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Ocean Safety 2021 - LEADERBOARD

Edouard de Keyser starts Global Solo Challenge

by Global Solo Challenge 18 Sep 13:53 BST 17 September 2023

Yesterday, Sunday, September 17th, marked the departure of Edouard de Keyser, the only Belgian skipper entered in the Global Solo Challenge.

Originally scheduled for Saturday, the departure was postponed to allow the team to complete some last-minute work, more easily done with the boat moored at the dock. In addition, weather conditions were unfavorable, and fatigue had accumulated during last week's preparations. The Solarwind team worked tirelessly throughout Saturday to allow Édouard to set off more relaxed on his long journey.

Édouard, to realize his project, truly put into practice his belief that "with the energy of dreams, mountains can be moved." Aboard his Solaire 34 'SolarWind', a prototype designed by the French architect David Reard and built in wood and epoxy resin by Jacques Riguidel, he aims to sail around the world without using fossil fuels. "For me, sailing embodies a dual virtue: freedom and respect for the planet. I have embraced these values since my beginnings in boating. One can travel differently, without leaving a carbon footprint and without resorting to motor-sailing, even if it means slowing down and accepting some discomfort. I want to demonstrate that it's possible to tackle even great challenges, like a round-the-world journey, while simultaneously preserving the environment."

During a live social media broadcast, De Keyser stated, "I chose to delay my departure mainly due to technical issues on the boat that had not been fully resolved. I was very tired yesterday and had to make a decision; after examining the weather systems and my to-do list, I preferred to delay by 24 hours."

Marco Nannini, the event organiser, clarified, "The organization sets a departure date for competitors based on boat performance. If a competitor feels that their personal conditions, such as pre-departure stress or fatigue, or boat conditions, such as the need for additional work to ensure safety and reliability, warrant a departure delay, this option is available. Moreover, no penalty is applied, as stipulated by the GSC Regulations. A few hours of rest and technical review can save competitors days as otherwise, in case of a boat pulling into port along the route due to damage, they would be subject to a four-day penalty. On a journey around the world that will last about six months for Édouard, a day's delay is negligible. I, therefore, believe his decision was wise."

Hours before the departure, the sky was cloudy, and an easterly wind was blowing at 20-25 knots, stronger than predicted. The weather situation was complicated by a cyclone just off the Iberian Peninsula. Édouard chose to wait for the worst of this depression to pass, selecting a more favorable weather window for his departure. Waiting too long would have forced him to face headwinds from the west and the risk of being stuck in a calm zone in the coming days. Thanks to the postponed departure, the skipper avoided Saturday's storms and will find himself west of the depression center just a few hours into his journey, off Finisterre, heading south with diminishing sea and wind, making his initial days of navigation more manageable."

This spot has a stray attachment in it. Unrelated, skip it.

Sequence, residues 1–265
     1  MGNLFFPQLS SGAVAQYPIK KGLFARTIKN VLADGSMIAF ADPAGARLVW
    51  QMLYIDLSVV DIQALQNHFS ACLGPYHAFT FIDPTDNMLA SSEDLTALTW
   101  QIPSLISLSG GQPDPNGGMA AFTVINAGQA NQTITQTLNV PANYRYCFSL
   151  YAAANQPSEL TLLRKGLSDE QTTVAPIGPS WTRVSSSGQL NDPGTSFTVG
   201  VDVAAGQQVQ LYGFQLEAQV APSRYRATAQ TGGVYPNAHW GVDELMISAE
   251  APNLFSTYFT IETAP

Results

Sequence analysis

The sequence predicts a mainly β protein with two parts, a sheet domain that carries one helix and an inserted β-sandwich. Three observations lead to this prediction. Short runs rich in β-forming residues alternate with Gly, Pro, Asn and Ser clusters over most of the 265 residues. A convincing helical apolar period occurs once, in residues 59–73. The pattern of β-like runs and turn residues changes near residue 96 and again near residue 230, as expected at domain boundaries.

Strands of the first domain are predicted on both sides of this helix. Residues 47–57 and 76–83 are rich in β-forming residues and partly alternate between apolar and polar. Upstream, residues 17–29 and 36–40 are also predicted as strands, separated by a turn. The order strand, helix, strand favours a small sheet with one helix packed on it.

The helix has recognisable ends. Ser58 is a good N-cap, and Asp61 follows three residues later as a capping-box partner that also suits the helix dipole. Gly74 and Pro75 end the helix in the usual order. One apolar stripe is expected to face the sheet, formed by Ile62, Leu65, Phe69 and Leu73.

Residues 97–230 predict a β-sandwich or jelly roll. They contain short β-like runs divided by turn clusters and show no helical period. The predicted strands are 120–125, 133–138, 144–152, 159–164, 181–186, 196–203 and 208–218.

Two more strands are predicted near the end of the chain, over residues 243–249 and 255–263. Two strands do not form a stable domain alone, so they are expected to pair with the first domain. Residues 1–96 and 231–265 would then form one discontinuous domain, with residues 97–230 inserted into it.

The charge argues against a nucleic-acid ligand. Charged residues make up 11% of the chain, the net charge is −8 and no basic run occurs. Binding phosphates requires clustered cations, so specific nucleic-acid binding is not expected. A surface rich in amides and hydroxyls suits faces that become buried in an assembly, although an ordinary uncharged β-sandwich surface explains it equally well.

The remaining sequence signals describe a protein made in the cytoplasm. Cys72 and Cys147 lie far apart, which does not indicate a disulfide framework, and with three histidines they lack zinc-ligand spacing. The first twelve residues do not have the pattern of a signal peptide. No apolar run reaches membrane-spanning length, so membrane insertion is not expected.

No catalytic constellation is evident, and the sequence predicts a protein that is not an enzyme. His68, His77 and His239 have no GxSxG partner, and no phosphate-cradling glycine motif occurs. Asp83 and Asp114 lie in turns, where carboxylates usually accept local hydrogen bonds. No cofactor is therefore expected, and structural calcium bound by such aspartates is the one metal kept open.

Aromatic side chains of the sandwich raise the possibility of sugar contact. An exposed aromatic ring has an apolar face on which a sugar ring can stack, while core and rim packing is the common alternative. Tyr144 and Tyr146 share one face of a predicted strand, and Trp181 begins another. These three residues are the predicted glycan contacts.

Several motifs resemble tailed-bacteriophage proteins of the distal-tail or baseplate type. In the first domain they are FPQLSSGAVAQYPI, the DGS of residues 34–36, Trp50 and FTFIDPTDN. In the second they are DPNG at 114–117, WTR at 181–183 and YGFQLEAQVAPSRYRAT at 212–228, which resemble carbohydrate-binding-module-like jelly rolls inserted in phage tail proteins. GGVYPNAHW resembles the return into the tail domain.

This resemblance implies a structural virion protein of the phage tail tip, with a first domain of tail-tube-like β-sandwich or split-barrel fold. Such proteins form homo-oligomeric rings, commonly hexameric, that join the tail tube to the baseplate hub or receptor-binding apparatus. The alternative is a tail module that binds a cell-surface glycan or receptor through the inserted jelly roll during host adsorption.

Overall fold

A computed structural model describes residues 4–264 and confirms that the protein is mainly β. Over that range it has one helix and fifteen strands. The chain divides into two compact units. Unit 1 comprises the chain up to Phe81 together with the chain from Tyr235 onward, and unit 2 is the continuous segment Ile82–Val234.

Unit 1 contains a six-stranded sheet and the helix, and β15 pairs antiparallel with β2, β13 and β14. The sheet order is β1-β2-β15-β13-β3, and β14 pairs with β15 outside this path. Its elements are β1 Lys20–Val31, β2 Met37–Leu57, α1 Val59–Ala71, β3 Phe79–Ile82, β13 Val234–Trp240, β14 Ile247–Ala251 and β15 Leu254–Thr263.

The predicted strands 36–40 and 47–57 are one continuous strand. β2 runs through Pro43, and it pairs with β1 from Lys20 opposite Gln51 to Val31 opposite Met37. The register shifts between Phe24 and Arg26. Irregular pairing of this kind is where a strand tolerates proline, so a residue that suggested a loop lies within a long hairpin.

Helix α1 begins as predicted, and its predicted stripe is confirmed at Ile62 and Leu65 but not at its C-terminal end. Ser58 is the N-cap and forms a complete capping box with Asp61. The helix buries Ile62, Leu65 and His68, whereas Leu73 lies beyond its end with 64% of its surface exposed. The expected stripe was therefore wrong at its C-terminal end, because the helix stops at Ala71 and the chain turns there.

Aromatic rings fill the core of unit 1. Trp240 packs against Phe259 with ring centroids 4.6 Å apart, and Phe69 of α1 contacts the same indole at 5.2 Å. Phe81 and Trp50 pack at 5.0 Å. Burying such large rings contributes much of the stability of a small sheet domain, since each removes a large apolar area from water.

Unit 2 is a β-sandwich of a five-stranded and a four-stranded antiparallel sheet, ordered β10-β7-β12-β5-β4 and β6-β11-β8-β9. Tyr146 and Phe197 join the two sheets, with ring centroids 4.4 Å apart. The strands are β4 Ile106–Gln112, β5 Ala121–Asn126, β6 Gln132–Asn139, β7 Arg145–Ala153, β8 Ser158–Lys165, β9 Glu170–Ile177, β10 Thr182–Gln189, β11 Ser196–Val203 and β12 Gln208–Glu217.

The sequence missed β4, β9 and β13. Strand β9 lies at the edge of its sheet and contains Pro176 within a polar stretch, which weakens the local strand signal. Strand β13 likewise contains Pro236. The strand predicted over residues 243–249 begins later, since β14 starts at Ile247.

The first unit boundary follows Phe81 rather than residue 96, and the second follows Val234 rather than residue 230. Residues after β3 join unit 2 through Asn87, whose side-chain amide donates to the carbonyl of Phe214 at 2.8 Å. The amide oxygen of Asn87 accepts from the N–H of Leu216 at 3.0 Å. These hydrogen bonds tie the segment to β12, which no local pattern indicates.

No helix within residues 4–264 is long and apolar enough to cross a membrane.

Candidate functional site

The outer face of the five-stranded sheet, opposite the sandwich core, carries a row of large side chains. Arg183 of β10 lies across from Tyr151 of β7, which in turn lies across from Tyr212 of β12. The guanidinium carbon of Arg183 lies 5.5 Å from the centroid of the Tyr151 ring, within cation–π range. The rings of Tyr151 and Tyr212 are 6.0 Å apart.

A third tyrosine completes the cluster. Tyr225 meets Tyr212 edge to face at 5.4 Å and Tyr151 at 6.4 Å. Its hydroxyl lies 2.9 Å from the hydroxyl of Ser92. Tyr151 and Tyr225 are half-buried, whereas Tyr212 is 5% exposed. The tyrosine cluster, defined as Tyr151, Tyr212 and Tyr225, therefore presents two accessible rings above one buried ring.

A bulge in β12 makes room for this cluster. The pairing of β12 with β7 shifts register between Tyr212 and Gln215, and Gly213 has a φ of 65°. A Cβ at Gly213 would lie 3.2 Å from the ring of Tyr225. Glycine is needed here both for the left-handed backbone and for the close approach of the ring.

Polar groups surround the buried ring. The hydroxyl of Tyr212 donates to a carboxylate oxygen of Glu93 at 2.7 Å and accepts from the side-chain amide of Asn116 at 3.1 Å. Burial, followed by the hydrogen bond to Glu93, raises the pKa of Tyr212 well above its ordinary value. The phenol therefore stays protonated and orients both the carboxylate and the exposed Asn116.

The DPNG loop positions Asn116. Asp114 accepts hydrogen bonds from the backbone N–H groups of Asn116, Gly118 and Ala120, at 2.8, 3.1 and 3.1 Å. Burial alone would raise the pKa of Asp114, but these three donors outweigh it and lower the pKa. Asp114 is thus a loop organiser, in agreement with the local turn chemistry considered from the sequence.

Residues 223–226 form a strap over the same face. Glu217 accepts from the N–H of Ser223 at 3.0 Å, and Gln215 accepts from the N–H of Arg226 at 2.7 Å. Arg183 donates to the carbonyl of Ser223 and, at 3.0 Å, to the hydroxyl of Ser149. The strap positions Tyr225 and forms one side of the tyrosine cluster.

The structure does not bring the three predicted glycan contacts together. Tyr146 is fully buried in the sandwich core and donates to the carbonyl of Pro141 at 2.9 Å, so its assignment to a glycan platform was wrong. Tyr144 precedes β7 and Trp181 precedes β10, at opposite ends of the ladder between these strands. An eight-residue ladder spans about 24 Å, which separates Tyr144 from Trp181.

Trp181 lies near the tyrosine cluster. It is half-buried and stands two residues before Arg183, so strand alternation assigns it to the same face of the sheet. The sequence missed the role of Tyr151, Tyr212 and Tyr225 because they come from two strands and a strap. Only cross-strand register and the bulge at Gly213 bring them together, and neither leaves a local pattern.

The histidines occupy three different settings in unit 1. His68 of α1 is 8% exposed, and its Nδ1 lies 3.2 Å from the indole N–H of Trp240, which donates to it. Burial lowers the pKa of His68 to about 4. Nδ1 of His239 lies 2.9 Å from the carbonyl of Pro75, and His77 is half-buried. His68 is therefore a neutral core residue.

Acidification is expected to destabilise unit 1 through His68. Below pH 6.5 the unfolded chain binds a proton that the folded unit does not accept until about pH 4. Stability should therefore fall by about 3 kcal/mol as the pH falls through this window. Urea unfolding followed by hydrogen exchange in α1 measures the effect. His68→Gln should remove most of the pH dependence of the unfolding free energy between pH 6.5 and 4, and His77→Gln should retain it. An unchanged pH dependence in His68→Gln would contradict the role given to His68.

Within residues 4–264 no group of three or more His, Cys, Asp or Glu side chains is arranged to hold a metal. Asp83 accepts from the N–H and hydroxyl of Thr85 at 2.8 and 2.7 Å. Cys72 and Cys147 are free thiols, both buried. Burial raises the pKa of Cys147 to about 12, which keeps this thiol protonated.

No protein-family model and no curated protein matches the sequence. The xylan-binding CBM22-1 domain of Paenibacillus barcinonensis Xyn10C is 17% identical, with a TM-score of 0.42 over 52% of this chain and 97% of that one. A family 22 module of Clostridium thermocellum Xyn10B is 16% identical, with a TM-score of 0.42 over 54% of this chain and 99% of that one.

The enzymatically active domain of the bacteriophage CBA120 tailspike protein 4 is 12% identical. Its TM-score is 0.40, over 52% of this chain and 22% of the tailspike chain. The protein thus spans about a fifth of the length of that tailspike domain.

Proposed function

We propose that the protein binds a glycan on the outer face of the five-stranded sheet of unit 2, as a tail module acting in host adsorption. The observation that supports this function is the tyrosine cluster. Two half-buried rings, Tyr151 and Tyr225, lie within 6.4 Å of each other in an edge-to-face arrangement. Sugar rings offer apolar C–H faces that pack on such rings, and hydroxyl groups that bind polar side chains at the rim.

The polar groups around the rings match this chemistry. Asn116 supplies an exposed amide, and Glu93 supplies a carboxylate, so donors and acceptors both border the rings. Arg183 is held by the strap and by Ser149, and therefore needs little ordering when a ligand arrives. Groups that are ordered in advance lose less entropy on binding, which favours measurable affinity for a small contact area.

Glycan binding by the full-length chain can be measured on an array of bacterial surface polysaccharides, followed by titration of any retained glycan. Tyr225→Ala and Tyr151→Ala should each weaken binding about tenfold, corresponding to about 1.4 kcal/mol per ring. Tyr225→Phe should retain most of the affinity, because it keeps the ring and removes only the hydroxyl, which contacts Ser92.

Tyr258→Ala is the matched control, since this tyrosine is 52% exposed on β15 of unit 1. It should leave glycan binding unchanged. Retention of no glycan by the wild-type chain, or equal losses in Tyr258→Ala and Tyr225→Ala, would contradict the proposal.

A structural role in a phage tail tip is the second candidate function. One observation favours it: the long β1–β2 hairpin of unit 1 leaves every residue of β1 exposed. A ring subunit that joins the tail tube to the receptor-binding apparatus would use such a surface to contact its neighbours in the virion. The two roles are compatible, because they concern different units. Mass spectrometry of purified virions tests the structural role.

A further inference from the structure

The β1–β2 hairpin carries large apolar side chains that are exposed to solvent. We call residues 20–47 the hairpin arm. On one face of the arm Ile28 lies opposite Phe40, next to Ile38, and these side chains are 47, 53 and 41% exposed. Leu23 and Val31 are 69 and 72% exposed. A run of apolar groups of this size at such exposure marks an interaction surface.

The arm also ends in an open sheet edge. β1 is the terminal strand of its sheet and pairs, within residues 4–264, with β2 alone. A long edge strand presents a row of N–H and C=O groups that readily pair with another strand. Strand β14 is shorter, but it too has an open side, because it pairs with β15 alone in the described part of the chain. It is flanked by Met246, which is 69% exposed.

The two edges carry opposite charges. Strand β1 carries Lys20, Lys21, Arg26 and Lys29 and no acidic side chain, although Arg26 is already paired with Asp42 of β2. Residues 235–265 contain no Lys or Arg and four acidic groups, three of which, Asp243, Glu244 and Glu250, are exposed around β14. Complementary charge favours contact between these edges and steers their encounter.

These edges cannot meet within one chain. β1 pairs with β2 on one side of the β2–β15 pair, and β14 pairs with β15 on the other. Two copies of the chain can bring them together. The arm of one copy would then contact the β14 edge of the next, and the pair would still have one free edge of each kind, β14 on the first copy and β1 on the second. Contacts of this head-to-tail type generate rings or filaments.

The organization's RIB, with another competitor from the Global Solo Challenge, Dave Linger, and a cameraman on board, accompanied Édouard in his first miles of navigation, which will see him away from land for about six months. Unfortunately, many of his supporters had already left to return to Belgium.

In the days leading up to the departure, in La Coruña, Princess Esmeralda of Belgium was also present, supporting the sailor. De Keyser's project provided an opportunity for institutional meetings between Spanish and Belgian authorities. The Mayor of La Coruña welcomed the Princess in an informal meeting at the City Hall, where sports and the environment were discussed. The Global Solo Challenge thus becomes an occasion to build bridges at the institutional level between different countries and cultures, with the participation of skippers from eleven different nationalities.

Princess Esmeralda of Belgium wanted to dedicate a message to wish the skipper a good journey: "I share with Édouard De Keyser values such as solidarity, sobriety, and the protection of our planet, especially the oceans which are threatened by pollution, plastic, and overfishing. I also admire his determination in realizing his dreams. I believe it is essential to discuss this sports project in Belgium and elsewhere to inspire young people and encourage them to care for the environment, realize their dreams and passions, and maintain hope. I wish Édouard to set sail on Sunday for an incredible journey through the beauty of the oceans... and to realize his childhood dream. We will all follow him from afar with admiration!"

From Belgium, Édouard's family follows and supports him from home.

Before his departure, Édouard thanked all the partners, his team, his family, and the GSC organization for their support and stated: "I know there will be tough times because I've already sailed solo a lot, but I also know there will be moments when I will have fun. I have invested all my resources and energy into this project and will do my best to make this dream come true. Thank you all for your help and enthusiasm!"

The second half of this month of September promises to be full of events and emotions: the departures of two more French skippers are scheduled. Louis Robein on September 23 and Philippe Delamare on September 30.

To follow Solarwind's route, the tracker is available at

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